Smart Money Tips

Women and Disability: How To Protect Your Income

We already know that women face more financial hurdles than men, especially when it comes to retirement. They earn less, (1) save less, (2) live longer, (3)  and spend more time out of the workforce to care for children or other family members. (4) Unfortunately, the obstacles don’t end there. Women are more likely to face disability than their male counterparts, but only 20% of American women are aware of this looming threat. (5)

Now that we’ve got the doom and gloom out of the way, let’s look at the silver lining. If we know the facts, we can do something about them. If we prepare ahead of time, we can protect our finances from being destroyed by the hard-hitting impact of a disability.


The majority of disabilities aren’t caused by risky undertakings like skydiving or accidents that occur at work. Currently, the leading cause is arthritis (which women are twice as likely to get than men), followed by back and spine problems. Together these conditions are responsible for more than one-third of all disabilities. (6)

Less than half of Americans own disability income insurance, and 61% of women have never done any research on disability coverage. (7) As a result, this lack of protection has become a significant gap in women’s financial plans. Is there a solution to this financial dilemma?


Income sources, that is. Now that you’re convinced you need to take disability seriously, let’s look at the steps you can take to prepare.

Disability Insurance

Employer-sponsored plans are the most common sources of disability insurance, but only about 45% of working women are covered under this benefit. (8) If your employer offers both short and long-term disability coverage, take it, but be sure you understand the ins and outs of the plan. Group coverage generally includes only a percentage of base salary (usually 50 – 60%) and excludes income from bonuses or the value of employer-paid benefits, such as health insurance, retirement plan matching or life insurance.

The majority of group plans also have other important limitations to be aware of, such as no provisions for inflation, broad definitions of disability, and integration with Social Security. Finally, it is essential to know if your company’s benefit will be subject to income taxes. If the employer pays all or part of the premium, chances are the benefit is taxable. These limits can potentially erode the value of benefits.

If you don’t have access to disability insurance through your employer, or you are self-employed (as 7.5% of working women are (9)),  you may need to look into purchasing outside disability insurance for a premium. Whatever form of insurance you have may not cover your wages completely, but it’s better than being left with nothing but your savings account.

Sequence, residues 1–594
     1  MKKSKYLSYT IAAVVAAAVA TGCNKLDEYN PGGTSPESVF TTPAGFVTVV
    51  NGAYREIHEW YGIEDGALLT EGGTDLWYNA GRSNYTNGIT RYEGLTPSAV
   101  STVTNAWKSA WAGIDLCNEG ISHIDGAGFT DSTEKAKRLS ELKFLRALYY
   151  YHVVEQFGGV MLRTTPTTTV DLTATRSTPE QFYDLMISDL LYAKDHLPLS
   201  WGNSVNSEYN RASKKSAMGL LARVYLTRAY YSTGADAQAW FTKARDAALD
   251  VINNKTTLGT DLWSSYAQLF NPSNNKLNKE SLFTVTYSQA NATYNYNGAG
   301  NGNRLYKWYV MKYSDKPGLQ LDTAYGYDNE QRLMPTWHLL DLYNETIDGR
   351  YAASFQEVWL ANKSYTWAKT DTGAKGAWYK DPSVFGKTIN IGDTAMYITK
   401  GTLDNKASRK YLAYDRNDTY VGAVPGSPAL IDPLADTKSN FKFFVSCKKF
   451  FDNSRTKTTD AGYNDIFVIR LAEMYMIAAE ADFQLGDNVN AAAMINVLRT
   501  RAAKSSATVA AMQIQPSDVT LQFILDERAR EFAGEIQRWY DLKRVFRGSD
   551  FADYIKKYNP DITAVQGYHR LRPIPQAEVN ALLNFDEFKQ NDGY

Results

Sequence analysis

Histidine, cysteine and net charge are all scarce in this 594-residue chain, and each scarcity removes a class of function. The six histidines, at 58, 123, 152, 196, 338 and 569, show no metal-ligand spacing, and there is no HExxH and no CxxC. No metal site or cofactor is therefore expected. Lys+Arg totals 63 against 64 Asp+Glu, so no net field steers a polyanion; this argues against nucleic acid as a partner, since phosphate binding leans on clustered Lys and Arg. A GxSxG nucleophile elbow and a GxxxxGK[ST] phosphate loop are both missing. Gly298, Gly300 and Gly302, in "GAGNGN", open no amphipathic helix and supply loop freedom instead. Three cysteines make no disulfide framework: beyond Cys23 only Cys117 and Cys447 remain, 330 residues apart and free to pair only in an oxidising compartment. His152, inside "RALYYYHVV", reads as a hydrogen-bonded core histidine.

Emergency Fund

Women are twice as likely as men to think their cash reserves would last less than one month if they experienced a disability. (10) Creating an emergency fund equal to six months of wages would establish a solid buffer that can be used, along with disability insurance, to prevent financial ruin.  

Social Security

The Social Security Administration offers two programs to assist those with disabilities. If you have a condition that falls under their definition of a disability, have worked long enough, paid into Social Security, and have not been able to work for a year or more, you might qualify for government income. Since they only offer income assistance to people with long-term, or total disabilities, you’ll need at least a year’s worth of income from other sources before you can tap into this benefit.


Money makes the world go ‘round, whether you can work or not. Plan ahead, assess your risk, and have a strategy in place for a potential disability. Remember, what you don’t know can hurt you. Start the conversation with a financial professional to today to start planning for tomorrow. If you’d like to discuss how disability income may play a role in your financial plan, click here to schedule a phone call.

About Richard

Richard Archer is a financial advisor and the President of Archer Investment Management with more than eighteen years of industry experience. Largely working with successful individuals and couples, he specializes in providing comprehensive investment guidance and personalized care and attention to each client. Along with holding a Bachelor of Science in Economics and a MBA, he is a CERTIFIED FINANCIAL PLANNER™ certificant and a Chartered Financial Analyst®. He combines his advanced industry education and knowledge with his genuine care for people to provide clients with an exceptional experience. To learn more about Richard, connect with him on LinkedIn or visit



(2) Women’s Retirement Outlook Report

(3) Social Security Actuarial Life Table, 2016.

(4) Women’s Retirement Outlook Report




(8) Women More Likely to Develop a Disability

(9) Self-Employment in the United States

(10) Women More Likely to Develop a Disability